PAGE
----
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Indian Pioneer Papers - Index

Indian Pioneer History Project for Oklahoma
Date:  May 11, 1937
Name:  Lee Ary
Post Office:  Panola, Oklahoma
Residence Address:  2 miles south of Panola Post Office
Date of Birth:  June 17, 1862
Place of Birth:  Hempstead County, Tennessee
Father: Jeff Ary
Place of Birth:  Tennessee
Information on father:  buried at LeFlore, OK
Mother:  Nancy Jane Seymore Ary
Place of birth:  Tennessee
Information on mother:  buried at LeFlore, OK
Field Worker:  Bradley Bolinger

My father's name was Jeff ARY, and he was born in Hempstead County, Tennessee. My father is now dead and is buried at LeFlore, Oklahoma.

My mother's name was Nancy Jane SEYMORE Ary. She is now dead and is buried at LeFlore, Oklahoma.

My father and mother left Tennessee and moved to the state of Missouri, where I was born. Later they moved to Indian Territory in the country now known as Latimer County. I have been living here for 62 years.

I was 19 years old when I married. We traveled by horseback to Fort Smith, Arkansas, to be married. We came back to the Territory and picked us a small place where there was not much clearing of the timber to do, went to the woods and cut logs and hewed them with my ax and built us a home. This was located in the southeast part of the country and consisted of about 20 acres. The settlers in this country did not raise cotton because it was too far to haul it to a gin. You had to make a trip to Fort Smith with cotton and that was around 65 miles and that was too far. We raised corn and feed stuff to make our meal and feed our team. You had to take your corn to a grist mill on horseback. There were no roads in the country in those days so we just rode straight through the country hills and timber the nearest way.

We did lots of hunting in those days--game of all kinds was really plentiful. We carried deer and wild turkeys and hides of fur bearing animals to Fort Smith and traded those things for flour and sugar and household necessities. Everyone in the territory raised their own hogs--they just ran wild in the woods--and it was easy to manage for meat and lard.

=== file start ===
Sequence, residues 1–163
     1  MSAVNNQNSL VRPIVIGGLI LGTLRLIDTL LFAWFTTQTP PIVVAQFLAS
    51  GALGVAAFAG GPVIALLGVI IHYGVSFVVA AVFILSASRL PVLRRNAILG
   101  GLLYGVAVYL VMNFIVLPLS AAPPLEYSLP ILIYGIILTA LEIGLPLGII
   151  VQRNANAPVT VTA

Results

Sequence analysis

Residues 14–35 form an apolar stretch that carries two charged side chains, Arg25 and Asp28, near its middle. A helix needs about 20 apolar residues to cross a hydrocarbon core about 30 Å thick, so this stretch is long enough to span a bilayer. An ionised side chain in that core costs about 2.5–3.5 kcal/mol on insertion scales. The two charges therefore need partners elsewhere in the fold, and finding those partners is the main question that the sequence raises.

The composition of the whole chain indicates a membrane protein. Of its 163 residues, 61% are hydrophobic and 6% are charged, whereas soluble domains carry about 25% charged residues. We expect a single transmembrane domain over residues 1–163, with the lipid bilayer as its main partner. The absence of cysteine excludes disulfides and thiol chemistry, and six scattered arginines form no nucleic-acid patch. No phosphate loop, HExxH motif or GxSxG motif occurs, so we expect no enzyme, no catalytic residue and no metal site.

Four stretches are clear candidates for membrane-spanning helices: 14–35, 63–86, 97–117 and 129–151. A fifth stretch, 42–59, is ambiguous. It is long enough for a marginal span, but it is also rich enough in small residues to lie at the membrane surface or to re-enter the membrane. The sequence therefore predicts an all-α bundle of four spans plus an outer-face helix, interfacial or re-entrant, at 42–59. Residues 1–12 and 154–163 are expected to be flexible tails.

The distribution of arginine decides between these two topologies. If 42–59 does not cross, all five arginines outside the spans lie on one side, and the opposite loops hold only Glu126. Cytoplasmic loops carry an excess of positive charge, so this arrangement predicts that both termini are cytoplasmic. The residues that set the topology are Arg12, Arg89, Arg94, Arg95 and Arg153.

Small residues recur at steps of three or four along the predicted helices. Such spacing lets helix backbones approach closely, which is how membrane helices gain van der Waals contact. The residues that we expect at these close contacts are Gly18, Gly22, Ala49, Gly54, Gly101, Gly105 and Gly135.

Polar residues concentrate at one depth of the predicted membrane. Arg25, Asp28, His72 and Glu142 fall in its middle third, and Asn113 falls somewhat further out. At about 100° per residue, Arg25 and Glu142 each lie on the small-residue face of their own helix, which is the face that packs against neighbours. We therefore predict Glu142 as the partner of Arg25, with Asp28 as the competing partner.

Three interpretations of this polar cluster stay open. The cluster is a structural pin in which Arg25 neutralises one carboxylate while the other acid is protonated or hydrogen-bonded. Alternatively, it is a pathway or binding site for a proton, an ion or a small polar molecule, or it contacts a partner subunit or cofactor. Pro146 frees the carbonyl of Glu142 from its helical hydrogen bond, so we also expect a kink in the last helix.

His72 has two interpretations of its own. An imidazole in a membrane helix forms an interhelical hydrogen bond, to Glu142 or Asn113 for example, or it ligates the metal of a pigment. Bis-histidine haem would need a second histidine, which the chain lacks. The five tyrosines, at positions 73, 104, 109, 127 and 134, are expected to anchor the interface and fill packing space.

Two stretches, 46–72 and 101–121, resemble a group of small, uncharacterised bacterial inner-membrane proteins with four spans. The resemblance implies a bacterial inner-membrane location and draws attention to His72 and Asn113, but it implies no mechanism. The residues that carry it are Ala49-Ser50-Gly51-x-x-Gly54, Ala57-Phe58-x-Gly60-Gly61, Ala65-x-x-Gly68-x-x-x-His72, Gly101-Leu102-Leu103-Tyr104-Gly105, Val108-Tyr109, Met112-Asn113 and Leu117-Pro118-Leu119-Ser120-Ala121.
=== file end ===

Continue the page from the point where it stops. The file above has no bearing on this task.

Along in the early years of this County the Frisco was building their road through my part of the country and when my crop was laid by I went into the timber and cut cross ties for this road.

Along before the railroad was building through here, there were lots of cattle running and ranging all over the country in the creek bottoms through the winter and, although with no feed at all, they came through in good shape.

But there was lots of trouble with out-law men ranging all over the country. Other than these men, the country was reasonably peaceable. This was along about 1865 to 1870. I have seen the STAR Gang, the YOUNGERS, Cole and Bob FORD. They would come into the territory here and round up lots of cattle and drive them away and dispose of them. Lots of these cattle were carried to the Cherokee Nation and disposed of. Those fellows would just camp around in the hills when they were gathering those cattle up.

We did not have any officers of the white race through this country in those days. The officers would have to be sent from Fort Smith, to look for someone; and you very seldom ever saw one of them.

The Choctaw Indian tribe controlled their people very well and they were reasonably peaceable.

[SUBMITTERS COMMENT: There is a gross error here. Nancy Jane Seymore Ary was Lee's wife--not his mother--and she is buried in Latimer County, OK. There was apparently a misunderstanding of some sort or a mistaken transcription.]

Submitted to OKGenWeb by LilMogli@aol.com October, 2000.